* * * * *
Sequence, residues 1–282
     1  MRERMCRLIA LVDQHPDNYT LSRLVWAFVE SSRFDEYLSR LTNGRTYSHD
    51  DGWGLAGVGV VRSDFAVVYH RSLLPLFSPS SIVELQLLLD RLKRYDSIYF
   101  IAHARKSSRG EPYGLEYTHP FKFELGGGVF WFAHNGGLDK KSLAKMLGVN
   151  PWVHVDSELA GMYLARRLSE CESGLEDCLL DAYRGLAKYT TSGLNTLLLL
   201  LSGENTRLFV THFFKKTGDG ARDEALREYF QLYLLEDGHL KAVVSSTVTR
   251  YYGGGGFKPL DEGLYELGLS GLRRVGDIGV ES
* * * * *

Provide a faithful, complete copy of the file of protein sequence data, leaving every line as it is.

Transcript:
Sequence, residues 1–282
     1  MRERMCRLIA LVDQHPDNYT LSRLVWAFVE SSRFDEYLSR LTNGRTYSHD
    51  DGWGLAGVGV VRSDFAVVYH RSLLPLFSPS SIVELQLLLD RLKRYDSIYF
   101  IAHARKSSRG EPYGLEYTHP FKFELGGGVF WFAHNGGLDK KSLAKMLGVN
   151  PWVHVDSELA GMYLARRLSE CESGLEDCLL DAYRGLAKYT TSGLNTLLLL
   201  LSGENTRLFV THFFKKTGDG ARDEALREYF QLYLLEDGHL KAVVSSTVTR
   251  YYGGGGFKPL DEGLYELGLS GLRRVGDIGV ES